I really don't have anything to add except....lawdamercy! Where is the #NursesUnite movement when you need them?
Having been an LPN for a number of years, I know what is within my scope and what is not. Honestly, I think most of us LPNs do. Are we asked sometimes to go beyond that scope of practice by managers that are familiar with our work and think we can handle it? Absolutely.
I've been asked, and just about every LPN I've ever worked with has been asked at least once. I have never acted on it - or even considered it - but I do know LPNs that have done it with the manager's blessing - "blurring the lines", so to speak, so that others watching think it's perfectly acceptable. And let's face it, when you're asked, it's tempting; because you're thrilled someone recognizes your ability to do whatever it is, and because you'd like to please your manager. It can become so much a rote habit, maybe you forget you are really not supposed to do that thing you do.
I'm not excusing it, I'm just saying, particularly in my field, I see it happen more than occasionally. One can easily get caught up the idea of their own importance that they forget there is a limit to what they legally can do.
With that being said, I think the people with the most advantage in all this demand for higher education (other than me getting to learn the life histories of musical geniuses and the difference between iambic pentameter and free verse) are the hospital/medical facility corporations, who can demand degrees for bedside nursing without really paying a big difference in salary to a BSN-prepared RN and an AD-prepared RN; let's face it, the "scope of practice" between the two is the same. The managers/admins get to keep payroll within their constraints and get rewarded with big fat bonuses for allowing smart, capable, nurses to become overworked, understaffed, and bitter about spending all that time and money on school. If the nurses don't like it, well...the nursing shortage is over so let's just hire a bunch of young upstarts that don't know anything and will work for next to nothing because the loan coupon book just came in the mail, and let the more experienced nurses go find somewhere else to pay them what they "think they are worth". I'm putting that last part in quotation marks because although I think AD-prepared RNs should be paid considerably more than LPNs and that BSN-prepared RN's should be paid considerably more than AD prepared RNs, and so on, (that's just good old-fashioned common sense, in my opinion) this attitude is really how corporate administrators feel about what we do. Even the ones who have been nurses in another life. I have been told several places I've worked in a manager-type position: (when I've gone to my managers or administrators and asked if we can give deserving CNAs or nurses raises or bonuses for going above and beyond, and if we don't show appreciation for what they do, they may leave) "nurses now are a dime a dozen. If they don't think their paycheck is incentive enough, let them go." They have no real knowledge or appreciation for what seasoned, experienced nurses do for their facilities, because we are really good at putting the patient first and our feelings last, and we tend to keep our horns silent about it.
Hospitals and other medical entities want us to think they care about our education; in my opinion, what they really care about is appearances. Everyone knows the general public values higher education, especially in this country. If hospitals/medical facilities can brag through their TV, billboard, magazine, and radio spots that they have "more advanced degree nurses" than xxxxx competitor, it may cause Joe the plumber down the street to think, "Hm...I certainly want to go where the nurses KNOW what they're doing" without even blinking an eye. The general public doesn't have a clue as to what constitutes an adequate and safe nurse to patient ratio in an ICU, or a med-surg floor, or an acute-care facility. They have no clue they might be better off with an AD-prepared RN with 10 years under her belt and a slew of ACLS certifications than with a BSN-prepared RN coming straight out of school with nicely framed freshly-inked diploma on her wall she hung all of ten minutes ago (I'm not speaking of those RNs who used a bridge program to gain the BSN, I'm speaking of BSN RNs without an AD). All they know is, the more educated nurse is the better choice, because the hospital ad said so.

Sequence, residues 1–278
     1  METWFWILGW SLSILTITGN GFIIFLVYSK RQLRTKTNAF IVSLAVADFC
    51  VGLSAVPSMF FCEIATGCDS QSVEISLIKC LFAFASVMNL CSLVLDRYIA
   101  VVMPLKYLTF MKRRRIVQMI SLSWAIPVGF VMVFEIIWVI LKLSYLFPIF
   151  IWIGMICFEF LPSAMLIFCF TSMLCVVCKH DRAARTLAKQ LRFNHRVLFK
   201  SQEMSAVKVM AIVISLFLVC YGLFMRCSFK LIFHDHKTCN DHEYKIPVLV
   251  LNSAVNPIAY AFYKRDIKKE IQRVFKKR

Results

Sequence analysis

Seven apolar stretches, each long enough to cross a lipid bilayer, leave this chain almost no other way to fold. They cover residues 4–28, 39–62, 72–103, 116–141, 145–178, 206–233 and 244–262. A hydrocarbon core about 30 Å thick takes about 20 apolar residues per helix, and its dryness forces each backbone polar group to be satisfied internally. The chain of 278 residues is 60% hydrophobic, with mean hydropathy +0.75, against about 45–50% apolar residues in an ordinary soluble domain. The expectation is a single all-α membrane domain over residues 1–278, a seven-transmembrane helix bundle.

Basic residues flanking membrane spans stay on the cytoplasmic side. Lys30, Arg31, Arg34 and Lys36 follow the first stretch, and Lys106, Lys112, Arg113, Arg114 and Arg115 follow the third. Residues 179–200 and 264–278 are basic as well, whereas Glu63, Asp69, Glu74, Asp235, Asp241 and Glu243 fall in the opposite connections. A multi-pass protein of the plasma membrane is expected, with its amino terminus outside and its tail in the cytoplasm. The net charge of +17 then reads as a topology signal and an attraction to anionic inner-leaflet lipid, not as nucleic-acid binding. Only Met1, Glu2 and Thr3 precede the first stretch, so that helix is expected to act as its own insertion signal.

I'd absolutely love to see the ANA take on these corps and put out their own ads: and telling the average American: look, we want ALL our nurses to have the education they want. We want ALL our nurses to be the best they can in their particular scope of practice. We just don't want you to get the idea the corporate America cares, because if you look at what the hospital is charging you, and what they are paying your LPN, ADN, BSN, MSN, PhD nurses - who spend countless hours to learn how to take care of you, have to prove they know how to take care of you, consult other providers over how to take care of you, spend their sleepless nights worrying over how to take care of you - you will see the difference in what you are paying, and in what they are making, reflected not in improvements in medical equipment, not in research for better life-saving medications, not in scholarships to improve nursing education, not in incentives to retain experienced staff, not in the employment of more nursing and ancillary staff, but in corporate bonuses to the hospital managers not even medically trained; because THEY don't think YOUR life is worth having to give up a vacation home to properly staff, retain, and educate the people who are charged with keeping you alive and safe twenty three hours and 55 minutes out of every day you're in the hospital.